Productivity training has matured significantly over the past 15 years.
We began with an emphasis on efficiency. Then, we began to ask the question about how to use that efficiency to free up time in our day. Now we are realizing that using that extra time to do meaningful work is a skill in and of itself.
In short, third-wave productivity has nothing to do with artisanal to-do list apps.
A little while back, I had the honor of interviewing Cal Newport about his book, Deep Work. While there is a lot in our conversation that I’d love to get into, it will have to wait for another time. Today, I wanted to pull out one segment where Cal and I talked about the Three Waves of Productivity.
Side Note: I put together all my book notes from Deep Work and also combined those notes with all the key takeaways and highlights from my interview with Cal Newport. You can download the in-depth notes here.
Productivity Wave One: “Efficiency”
This first wave focused heavily on systems, methodologies, and tools. It touted efficiency as the ultimate form of productivity, stating that you need to capture and organize all your tasks and projects and other areas of responsibility. To do this you need smarter lists and more powerful tools.
(Note that there are many ways to be efficient with your time and your tasks beyond a specific or complex methodology. I for one am a huge fan of the Ivy Lee method.)
Productivity Wave Two: “Intentionality”
This second wave built on the first. Saying that organizing your tasks is not the height of productivity. Rather, it’s about making room to do the real work. This second wave was more of a mindset shift than a skill.
In other words, it was the realization that when you are efficient with all the incoming stuff and your ideas and time, then you are able to create space in your day to do the important work. (Note that another way to create space in your day is to say ‘no’ to certain incoming things and create some margin for yourself.)
This intentionality of choosing to do meaningful work exposed a truth that to merely free up your time isn’t enough.
Once people had time available to do the “real work,” they often didn’t even know what it was — nor did they have the skills needed to take advantage of that time.
Doing the real work is, in itself, a craft that takes time and practice, and this is what the third wave is all about…
Productivity Wave Three: “Meaning”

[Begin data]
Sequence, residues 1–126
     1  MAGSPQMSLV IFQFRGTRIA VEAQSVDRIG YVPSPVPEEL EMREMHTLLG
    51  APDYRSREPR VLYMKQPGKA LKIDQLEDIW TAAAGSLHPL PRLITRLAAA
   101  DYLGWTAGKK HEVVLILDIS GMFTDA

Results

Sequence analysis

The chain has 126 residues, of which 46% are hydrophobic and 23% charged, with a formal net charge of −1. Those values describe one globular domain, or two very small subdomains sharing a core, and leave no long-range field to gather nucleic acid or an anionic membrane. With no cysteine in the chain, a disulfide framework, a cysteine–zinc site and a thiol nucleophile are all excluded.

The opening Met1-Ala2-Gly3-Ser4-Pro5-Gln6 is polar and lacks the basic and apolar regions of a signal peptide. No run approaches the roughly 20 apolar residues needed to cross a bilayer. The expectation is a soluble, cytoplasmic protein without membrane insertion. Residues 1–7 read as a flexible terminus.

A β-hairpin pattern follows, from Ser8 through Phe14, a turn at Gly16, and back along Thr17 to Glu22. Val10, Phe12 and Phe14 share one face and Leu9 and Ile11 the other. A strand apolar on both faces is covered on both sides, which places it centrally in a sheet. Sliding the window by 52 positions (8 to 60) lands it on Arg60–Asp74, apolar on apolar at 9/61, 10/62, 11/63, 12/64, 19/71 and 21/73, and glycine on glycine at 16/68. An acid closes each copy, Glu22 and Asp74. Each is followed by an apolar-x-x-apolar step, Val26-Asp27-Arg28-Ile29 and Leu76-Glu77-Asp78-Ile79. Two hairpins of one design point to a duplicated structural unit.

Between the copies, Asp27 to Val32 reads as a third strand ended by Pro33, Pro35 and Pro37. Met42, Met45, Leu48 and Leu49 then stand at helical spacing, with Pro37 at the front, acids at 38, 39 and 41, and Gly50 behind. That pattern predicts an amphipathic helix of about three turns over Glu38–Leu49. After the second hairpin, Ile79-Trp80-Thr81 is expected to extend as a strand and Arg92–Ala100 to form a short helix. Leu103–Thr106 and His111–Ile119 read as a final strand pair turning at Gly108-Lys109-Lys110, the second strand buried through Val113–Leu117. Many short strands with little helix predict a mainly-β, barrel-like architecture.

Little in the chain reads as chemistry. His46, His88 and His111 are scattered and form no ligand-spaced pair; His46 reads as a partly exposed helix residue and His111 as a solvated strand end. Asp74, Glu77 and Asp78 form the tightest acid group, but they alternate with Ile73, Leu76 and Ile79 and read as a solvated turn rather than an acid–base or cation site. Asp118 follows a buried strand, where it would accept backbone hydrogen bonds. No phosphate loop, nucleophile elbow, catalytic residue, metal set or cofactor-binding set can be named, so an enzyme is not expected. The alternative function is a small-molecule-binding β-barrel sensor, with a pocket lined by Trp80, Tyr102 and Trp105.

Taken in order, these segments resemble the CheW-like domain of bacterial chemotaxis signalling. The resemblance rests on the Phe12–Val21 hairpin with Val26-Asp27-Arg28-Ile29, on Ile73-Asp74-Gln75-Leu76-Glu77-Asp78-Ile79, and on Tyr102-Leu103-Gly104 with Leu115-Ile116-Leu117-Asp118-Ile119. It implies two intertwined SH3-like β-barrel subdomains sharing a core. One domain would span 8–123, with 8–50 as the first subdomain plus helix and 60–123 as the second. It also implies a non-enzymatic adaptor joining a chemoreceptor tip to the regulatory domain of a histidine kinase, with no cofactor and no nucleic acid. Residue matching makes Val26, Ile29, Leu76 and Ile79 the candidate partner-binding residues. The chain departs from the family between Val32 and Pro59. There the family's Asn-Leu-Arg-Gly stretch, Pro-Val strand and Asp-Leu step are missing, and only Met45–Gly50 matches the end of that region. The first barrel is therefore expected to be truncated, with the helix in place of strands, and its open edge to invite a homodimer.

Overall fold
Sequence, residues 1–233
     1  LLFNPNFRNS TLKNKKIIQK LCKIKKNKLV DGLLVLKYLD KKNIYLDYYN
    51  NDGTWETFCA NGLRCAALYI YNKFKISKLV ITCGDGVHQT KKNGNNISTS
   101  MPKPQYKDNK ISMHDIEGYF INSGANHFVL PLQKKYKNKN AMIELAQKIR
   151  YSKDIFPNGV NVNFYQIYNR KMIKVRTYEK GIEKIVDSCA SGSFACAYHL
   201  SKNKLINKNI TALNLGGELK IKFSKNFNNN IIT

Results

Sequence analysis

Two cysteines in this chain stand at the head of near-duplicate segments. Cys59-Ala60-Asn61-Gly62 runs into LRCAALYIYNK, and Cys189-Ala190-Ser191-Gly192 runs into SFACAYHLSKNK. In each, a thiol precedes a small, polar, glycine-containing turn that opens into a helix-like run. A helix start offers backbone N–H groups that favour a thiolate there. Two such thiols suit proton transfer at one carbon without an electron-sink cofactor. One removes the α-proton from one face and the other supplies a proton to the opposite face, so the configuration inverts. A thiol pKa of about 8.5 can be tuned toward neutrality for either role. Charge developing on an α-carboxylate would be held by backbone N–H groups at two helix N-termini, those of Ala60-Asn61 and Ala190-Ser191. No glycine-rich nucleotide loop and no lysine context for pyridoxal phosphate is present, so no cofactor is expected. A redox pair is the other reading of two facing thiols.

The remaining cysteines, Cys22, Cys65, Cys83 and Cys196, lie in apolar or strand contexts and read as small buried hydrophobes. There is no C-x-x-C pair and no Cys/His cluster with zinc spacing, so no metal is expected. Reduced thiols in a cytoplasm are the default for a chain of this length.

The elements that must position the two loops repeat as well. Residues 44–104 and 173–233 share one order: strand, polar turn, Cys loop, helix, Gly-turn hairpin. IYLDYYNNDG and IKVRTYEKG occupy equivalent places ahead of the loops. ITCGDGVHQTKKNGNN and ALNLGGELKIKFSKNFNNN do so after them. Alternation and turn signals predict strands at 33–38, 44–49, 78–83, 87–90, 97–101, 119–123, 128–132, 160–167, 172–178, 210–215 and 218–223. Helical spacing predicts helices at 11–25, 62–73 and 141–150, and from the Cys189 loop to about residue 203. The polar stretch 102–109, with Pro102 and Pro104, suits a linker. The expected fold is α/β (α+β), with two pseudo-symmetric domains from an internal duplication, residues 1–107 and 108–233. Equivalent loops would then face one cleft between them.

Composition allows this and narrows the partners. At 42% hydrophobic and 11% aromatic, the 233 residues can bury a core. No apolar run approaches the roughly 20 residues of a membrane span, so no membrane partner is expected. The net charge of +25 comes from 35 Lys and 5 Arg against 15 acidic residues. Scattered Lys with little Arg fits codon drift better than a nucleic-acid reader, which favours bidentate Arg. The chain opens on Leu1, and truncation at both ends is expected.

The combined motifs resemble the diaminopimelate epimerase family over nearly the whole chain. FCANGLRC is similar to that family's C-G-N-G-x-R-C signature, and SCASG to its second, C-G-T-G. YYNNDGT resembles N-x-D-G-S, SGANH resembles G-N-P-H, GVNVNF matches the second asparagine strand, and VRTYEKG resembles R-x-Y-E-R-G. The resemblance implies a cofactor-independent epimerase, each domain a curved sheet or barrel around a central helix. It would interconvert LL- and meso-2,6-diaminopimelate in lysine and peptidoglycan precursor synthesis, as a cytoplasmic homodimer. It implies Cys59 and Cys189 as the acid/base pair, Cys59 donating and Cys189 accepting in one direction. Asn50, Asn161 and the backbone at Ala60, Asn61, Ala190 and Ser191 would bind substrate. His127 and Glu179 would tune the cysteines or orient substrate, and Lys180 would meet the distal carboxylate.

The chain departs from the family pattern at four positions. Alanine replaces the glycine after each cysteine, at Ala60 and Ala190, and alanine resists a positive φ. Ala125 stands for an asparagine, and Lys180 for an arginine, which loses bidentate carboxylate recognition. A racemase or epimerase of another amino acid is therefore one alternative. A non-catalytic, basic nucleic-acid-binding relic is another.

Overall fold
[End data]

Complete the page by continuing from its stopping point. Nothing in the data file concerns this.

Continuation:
Wave three is about defining what to do in the time that you’re fighting to clear out and taking advantage of that “real work” time.
We have had to reengage with what it means to concentrate and do focused, meaningful work. We are now giving our attention to what it means to do deep work.
These three waves serve one another. You need all three to get the true benefits, and it’s not until you get to the third wave that you start to see all the benefits.
It is in the third wave where you start to produce more valuable work and you find your work more meaningful.
However, the challenge here is that many people do not have clarity about what it means to be productive and valuable. They cannot define what important, deep work is. As a result, that lack of clarity leads to unfocused busy work such as checking email, social media, news, etc.
In his book, Deep Work, Cal warns against using busyness as a proxy for productivity:
In the absence of clear indicators of what it means to be productive and valuable in their jobs, many knowledge workers turn back toward an industrial indicator of productivity: doing lots of stuff in a visible manner.
Clarity cures busywork.
Clarity about what matters also gives clarity about what does not. Clarity is vital if you want to do deep work on a regular basis over the long run.
Next, we’ll talk about the most common issues that will threaten your efficiency, intentionality, and deep work. We’ll also get into the most common pitfalls to productivity.
In the meantime, I’ve put together all my book notes from Deep Work and combined it with all the key takeaways and highlights from my interview with Cal Newport. You can download the in-depth notes here.